Press

The Horace Mann Record, 09/16/11
Art Teacher Encourages Global Connections

By Chloe Tsang | web link

Using technology to connect people throughout the world is at the heart of former arts teacher Nicky Enright’s new art project that opened last Friday.( Enright created an international calling card, the Glocal Card, which opened last Friday at the Bronx River Art Center (BRAC).

The Glocal Card is an international phone card that allows users to talk to anyone in the world for free through Skype for five minutes in exchange for filling out a five-question survey online, Enright said.

Enright’s project is part of the Bronx River Art Center’s exhibition, Shifting Communities, Enright said. The exhibition “highlights dynamic initiatives in culture and the arts currently at work in the margins of the art world and American society,” according to the BRAC website.

To construct his phone card, Enright created a Skype account, made subscriptions to various countries, and left his account public for anyone to use, he said. The users then are asked to fill out a survey that gives Enright information on which areas are being called most frequently. The data is then to be set up as a pie chart to accompany the piece, he said.

Enright said he came up with the Glocal Card this summer after having visitors stay with him in New York. “They had issues communicating back home and had to buy phone cards that would run out,” he said. “I’ve been thinking about phone cards all summer, and when I was invited to do this show, I immediately knew I wanted to tackle this idea of the international phone card.”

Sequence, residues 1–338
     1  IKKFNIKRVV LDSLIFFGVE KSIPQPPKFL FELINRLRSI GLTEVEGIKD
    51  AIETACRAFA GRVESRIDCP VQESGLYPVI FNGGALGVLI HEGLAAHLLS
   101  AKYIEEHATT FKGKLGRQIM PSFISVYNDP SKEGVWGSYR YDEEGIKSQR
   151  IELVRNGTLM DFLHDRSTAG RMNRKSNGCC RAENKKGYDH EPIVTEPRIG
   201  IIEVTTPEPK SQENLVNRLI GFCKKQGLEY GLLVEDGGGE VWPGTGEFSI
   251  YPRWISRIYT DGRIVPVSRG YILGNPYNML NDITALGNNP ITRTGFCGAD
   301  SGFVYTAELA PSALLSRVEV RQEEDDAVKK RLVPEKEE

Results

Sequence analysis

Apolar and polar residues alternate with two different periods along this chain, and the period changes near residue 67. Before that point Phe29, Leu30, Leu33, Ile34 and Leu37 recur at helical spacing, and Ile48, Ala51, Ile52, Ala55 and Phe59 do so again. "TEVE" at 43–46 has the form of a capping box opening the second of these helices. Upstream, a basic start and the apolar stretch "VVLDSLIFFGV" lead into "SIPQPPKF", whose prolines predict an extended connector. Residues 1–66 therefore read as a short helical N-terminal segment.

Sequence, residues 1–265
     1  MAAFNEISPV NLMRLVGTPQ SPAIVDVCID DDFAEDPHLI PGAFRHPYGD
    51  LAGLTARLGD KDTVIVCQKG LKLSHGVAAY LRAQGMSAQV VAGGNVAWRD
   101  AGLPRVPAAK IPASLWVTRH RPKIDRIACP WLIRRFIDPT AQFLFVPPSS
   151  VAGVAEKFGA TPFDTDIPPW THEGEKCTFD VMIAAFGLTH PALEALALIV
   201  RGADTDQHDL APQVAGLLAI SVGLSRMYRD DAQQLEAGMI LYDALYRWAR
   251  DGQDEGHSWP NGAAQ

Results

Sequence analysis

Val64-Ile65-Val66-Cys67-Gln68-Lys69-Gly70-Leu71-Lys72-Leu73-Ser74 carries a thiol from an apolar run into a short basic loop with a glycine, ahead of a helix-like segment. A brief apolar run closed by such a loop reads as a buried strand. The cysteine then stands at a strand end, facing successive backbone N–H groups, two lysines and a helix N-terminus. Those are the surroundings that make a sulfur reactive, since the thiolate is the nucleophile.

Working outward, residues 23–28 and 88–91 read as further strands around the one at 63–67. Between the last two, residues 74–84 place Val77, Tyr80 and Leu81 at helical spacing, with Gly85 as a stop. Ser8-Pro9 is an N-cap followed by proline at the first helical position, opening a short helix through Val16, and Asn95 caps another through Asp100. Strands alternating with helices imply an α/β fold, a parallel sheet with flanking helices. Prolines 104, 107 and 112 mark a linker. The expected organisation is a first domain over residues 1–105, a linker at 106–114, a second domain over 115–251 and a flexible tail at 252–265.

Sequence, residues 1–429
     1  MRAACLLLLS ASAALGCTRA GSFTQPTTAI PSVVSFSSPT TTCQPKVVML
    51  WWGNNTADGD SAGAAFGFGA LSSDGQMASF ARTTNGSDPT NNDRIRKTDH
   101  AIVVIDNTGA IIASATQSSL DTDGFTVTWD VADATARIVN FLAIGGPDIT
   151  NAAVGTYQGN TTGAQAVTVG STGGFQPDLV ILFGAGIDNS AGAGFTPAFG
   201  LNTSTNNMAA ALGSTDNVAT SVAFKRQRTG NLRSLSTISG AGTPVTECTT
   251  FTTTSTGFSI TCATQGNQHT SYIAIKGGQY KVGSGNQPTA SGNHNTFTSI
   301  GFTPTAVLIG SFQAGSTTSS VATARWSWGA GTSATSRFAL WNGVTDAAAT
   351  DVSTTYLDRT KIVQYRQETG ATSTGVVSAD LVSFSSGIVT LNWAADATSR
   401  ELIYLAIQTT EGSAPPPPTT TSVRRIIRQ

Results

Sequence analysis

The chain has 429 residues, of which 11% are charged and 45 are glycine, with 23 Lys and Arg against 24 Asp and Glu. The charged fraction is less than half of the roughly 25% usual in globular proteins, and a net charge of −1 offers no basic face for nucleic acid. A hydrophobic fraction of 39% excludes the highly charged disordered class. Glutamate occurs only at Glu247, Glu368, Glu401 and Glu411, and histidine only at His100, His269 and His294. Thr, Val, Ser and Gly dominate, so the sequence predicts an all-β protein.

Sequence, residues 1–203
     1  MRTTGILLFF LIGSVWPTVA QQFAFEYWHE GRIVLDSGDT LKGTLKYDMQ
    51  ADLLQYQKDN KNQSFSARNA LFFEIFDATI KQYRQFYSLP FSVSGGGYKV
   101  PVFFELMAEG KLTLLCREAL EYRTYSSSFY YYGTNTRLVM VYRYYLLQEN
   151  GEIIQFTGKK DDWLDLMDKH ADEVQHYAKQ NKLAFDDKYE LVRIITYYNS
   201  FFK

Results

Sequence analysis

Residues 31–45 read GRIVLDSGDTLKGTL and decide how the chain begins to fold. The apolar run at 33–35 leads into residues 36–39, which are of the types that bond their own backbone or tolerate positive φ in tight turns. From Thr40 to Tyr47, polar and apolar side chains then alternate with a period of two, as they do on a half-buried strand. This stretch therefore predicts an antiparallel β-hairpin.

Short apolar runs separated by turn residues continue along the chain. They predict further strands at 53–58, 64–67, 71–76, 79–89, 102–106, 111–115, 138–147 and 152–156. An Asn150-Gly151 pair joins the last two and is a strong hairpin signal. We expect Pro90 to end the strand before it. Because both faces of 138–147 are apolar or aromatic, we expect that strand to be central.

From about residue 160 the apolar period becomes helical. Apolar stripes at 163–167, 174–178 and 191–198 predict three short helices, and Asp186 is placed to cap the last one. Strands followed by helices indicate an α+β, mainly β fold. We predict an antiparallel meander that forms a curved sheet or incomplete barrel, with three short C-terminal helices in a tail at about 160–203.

Glocal Card is a symbol of “international interconnectedness of people in the Bronx,” Enright said. He added that he hopes his art will make people “more aware of just how international we are and all the connections around us.”

The piece also demonstrates a more contradictory message. “When you use this, you can call any telephone like it’s no big deal, but there are time differences and costs involved. Generally it’s not as easy as it sounds,” Enright said. “I want people to think about how we know about globalization. It’s easy to communicate internationally but it’s also complicated, problematic, and potentially expensive.”

Enright painted the Glocal Card logo on a wall at the BRAC, and while Glocal Card can be accessed from anywhere, he set up a table in front with a computer, a headset, and Skype access for those who don’t have their own resources to participate in the project elsewhere, he said.

Enright, who has been teaching at Riverdale Country School for the past year, will be extending his exploration of globalization in his next piece called the Globo Dollar, an international “currency,” that will be exhibited at the World Bank in Washington, D.C. later this year.

“A Bronx immigrant might think he or she is dealing with this problem of their own because they’re trying to communicate with a family back home, but it’s a difficult story anyone has had,” Enright said. “Most people in their recent or not-so-recent past have had international struggles so it’s about being aware of that and communicating it.”

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